Arizona Ballot Audit Plan Could Intimidate Minority Voters, Feds Say

The Arizona Senate's ballot audit is being conducted at the state fairgrounds, which is appropriately also hosting the Crazy Times Carnival this week.
Phoenix New Times
The Arizona Senate's ballot audit is being conducted at the state fairgrounds, which is appropriately also hosting the Crazy Times Carnival this week.
Part of the plan for the Arizona Senate's ballot audit of the November 2020 election looks like potentially illegal voter intimidation, a federal election official told Senator Karen Fann in a letter this week.

The involvement of the feds adds another serious element to the bizarre, conspiracy-theory-based ballot audit that's being put on by Trump supporters at Phoenix's Veteran's Memorial Coliseum. One election liaison working for the audit told AzFamily.com political editor Dennis Welch on May 5 that auditors were looking for traces of bamboo in some ballots based on the idea that some might have been fakes smuggled in from Asia.

The same day, Pamela S. Karlan, principal deputy assistant attorney general for the U.S. Department of Justice's Civil Rights Division, told Fann that the audit was in possible violation of federal laws.

The audit — which is being conducted by a little-known Florida company called Cyber Ninjas, which was hired by the state Senate — is not providing adequate security for the 2.1 million ballots it obtained from a court-ordered subpoena in February, Karlan wrote.

Judging from news media reports, Karlan wrote, the "ballots, elections systems, and election materials that are the subject of the Maricopa County audit are no longer under the ultimate control of state and local elections officials, are not being adequately safeguarded by contractors at an insecure facility, and are at risk of being
lost, stolen, altered, compromised or destroyed."

Another major issue was found in Cyber Ninjas' statement of work for the audit.

"Among other things," Karlan wrote, "the statement of work indicates that the contractor has been working 'with a number of individuals” to “identify voter registrations that did not make sense, and then knock on doors to confirm if valid voters actually lived at the stated address...'"

She went on to state that Cyber Ninjas' plan to review voting histories by physically going out to see voters or calling them "raises concerns regarding potential intimidation of voters."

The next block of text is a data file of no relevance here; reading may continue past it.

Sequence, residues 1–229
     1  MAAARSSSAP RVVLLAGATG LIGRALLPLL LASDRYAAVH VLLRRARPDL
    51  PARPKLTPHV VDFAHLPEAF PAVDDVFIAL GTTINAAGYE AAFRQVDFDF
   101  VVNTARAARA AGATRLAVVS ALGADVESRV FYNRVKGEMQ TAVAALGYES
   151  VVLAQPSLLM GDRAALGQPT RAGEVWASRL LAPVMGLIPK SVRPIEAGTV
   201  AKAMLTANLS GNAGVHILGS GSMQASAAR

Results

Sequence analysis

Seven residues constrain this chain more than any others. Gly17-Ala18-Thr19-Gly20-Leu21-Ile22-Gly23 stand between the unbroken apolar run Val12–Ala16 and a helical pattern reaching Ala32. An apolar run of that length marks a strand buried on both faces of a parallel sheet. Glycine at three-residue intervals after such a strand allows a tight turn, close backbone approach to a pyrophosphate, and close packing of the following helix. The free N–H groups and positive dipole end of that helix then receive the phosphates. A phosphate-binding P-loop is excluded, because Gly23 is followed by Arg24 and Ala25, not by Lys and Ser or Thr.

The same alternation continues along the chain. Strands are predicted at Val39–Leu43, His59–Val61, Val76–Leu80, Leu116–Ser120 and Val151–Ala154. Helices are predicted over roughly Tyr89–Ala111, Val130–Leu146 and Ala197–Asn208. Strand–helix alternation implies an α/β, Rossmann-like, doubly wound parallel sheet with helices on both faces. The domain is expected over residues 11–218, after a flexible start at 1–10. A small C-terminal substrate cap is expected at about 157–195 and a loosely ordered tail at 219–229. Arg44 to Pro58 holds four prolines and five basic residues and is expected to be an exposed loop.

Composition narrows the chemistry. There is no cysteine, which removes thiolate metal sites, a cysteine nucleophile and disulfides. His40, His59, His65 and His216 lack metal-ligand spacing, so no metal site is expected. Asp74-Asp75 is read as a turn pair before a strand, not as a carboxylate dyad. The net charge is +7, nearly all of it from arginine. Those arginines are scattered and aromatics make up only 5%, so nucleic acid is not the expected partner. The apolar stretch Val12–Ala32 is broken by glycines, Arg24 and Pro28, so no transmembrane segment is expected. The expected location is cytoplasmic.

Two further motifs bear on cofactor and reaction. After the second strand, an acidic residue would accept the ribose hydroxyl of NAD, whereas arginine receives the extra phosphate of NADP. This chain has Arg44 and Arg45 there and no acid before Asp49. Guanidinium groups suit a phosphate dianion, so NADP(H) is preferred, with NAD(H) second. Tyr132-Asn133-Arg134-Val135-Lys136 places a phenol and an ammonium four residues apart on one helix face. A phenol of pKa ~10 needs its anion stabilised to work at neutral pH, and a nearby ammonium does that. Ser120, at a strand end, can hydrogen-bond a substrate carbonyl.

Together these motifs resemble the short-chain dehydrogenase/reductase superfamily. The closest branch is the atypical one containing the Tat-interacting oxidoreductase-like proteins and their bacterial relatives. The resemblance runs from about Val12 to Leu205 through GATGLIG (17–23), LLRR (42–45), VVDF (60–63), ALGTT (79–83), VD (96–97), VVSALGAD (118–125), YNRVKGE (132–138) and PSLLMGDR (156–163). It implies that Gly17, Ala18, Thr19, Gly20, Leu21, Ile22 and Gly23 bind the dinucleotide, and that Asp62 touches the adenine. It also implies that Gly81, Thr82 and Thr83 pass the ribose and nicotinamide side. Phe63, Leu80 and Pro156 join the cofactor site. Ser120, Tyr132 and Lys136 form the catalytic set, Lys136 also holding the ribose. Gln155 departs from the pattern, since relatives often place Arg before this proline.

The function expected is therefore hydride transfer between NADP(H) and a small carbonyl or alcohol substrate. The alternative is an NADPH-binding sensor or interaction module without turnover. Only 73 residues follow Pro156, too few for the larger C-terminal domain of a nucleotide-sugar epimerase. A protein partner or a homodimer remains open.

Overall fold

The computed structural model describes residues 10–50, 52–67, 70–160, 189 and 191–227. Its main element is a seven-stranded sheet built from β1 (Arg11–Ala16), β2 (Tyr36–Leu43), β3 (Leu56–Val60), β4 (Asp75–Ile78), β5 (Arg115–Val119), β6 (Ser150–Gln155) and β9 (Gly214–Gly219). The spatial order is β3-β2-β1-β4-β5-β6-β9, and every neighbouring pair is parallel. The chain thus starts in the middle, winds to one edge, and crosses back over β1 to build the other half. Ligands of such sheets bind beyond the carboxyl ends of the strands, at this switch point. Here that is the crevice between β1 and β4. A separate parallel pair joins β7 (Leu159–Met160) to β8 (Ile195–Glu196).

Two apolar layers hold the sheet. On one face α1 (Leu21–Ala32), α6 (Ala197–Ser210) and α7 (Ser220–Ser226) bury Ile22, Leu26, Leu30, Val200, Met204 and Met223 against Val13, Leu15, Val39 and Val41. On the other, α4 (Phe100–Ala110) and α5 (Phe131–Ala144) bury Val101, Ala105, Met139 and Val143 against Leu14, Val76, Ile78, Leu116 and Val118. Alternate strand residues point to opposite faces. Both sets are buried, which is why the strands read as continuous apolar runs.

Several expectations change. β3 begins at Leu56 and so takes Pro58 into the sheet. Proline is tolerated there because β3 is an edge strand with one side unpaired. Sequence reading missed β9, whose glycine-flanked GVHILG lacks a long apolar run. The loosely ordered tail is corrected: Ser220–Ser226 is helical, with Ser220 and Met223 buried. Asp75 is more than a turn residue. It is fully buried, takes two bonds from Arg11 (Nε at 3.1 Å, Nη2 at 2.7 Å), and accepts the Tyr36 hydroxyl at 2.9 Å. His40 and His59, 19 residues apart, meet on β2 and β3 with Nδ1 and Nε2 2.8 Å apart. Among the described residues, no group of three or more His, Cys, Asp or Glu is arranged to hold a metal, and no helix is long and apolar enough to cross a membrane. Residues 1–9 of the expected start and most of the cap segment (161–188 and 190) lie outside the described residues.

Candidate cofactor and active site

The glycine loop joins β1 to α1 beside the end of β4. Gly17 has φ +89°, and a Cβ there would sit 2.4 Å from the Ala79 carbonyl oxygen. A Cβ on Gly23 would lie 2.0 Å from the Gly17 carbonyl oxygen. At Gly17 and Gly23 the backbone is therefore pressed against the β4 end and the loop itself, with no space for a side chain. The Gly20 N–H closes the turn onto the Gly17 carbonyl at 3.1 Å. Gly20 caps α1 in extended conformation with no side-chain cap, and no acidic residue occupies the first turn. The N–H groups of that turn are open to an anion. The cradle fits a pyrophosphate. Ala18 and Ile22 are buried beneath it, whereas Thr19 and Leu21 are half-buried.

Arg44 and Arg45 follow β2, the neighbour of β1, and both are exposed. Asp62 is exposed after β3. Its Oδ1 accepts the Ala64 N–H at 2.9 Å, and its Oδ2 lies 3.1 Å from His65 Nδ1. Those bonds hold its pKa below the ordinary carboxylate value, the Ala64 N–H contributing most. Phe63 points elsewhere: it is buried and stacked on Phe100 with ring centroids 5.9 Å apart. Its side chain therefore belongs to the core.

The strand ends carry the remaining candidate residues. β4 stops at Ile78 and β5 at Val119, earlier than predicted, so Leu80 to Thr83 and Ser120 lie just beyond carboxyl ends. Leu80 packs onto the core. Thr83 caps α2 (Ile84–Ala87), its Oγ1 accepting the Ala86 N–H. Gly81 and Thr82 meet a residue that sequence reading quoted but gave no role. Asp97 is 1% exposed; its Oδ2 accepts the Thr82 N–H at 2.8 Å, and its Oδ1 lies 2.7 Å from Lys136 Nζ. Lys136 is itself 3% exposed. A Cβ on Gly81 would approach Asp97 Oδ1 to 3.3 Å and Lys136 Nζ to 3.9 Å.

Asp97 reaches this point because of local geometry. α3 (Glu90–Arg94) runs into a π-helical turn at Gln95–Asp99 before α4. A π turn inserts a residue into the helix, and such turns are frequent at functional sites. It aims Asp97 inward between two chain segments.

"Past experience with similar investigative efforts around the country has raised concerns that they can be directed at minority voters, which potentially can implicate the anti-intimidation prohibitions of the Voting Rights Act," she wrote. "Such investigative efforts can have a significant intimidating effect on qualified voters that can deter them from seeking to vote in the future."

Karlan added that she "would appreciate" a response that includes the "steps that the Arizona Senate will take to ensure that violations of federal law do not occur."

DOJ spokesperson Kristina Mastropasqua said on Friday that the agency had no further comment on Karlan's letter, and declined to answer whether the DOJ had any deadline in mind on when it expected the state Senate's response. The Arizona U.S. Attorney's Office, which received a copy of the letter, also declined comment.

Fann previously assured the public that the results of the audit would not be used to try to overturn the election results. But the state Republican Party and other entities, like the Arizona Rangers, have found that the audit works well as a fundraising tool. The Arizona Rangers, a club of former or retired police that's supposed to partner with a law enforcement agency before it performs real police work, won't say who hired or authorized the group. Neither Fann's office nor Cyber Ninjas, the Florida company hired by the state Senate to conduct the audit, returned calls.

The Arizona Exposition and State Fair office agreed to let the audit continue at the Coliseum until May 14, and an official told the media this week it was "not feasible" to extend the date due to high school graduation ceremonies that had been planned for the venue.

Meanwhile, the State Fair's "Crazy Times Carnival" next to the Coliseum will continue through May 9.

Update: After publication of this article on May 7, the Arizona Mirror reported that Senator Fann sent a letter to Karlan indicating that the state Senate had "determined several weeks ago" not to do the physical canvassing for now.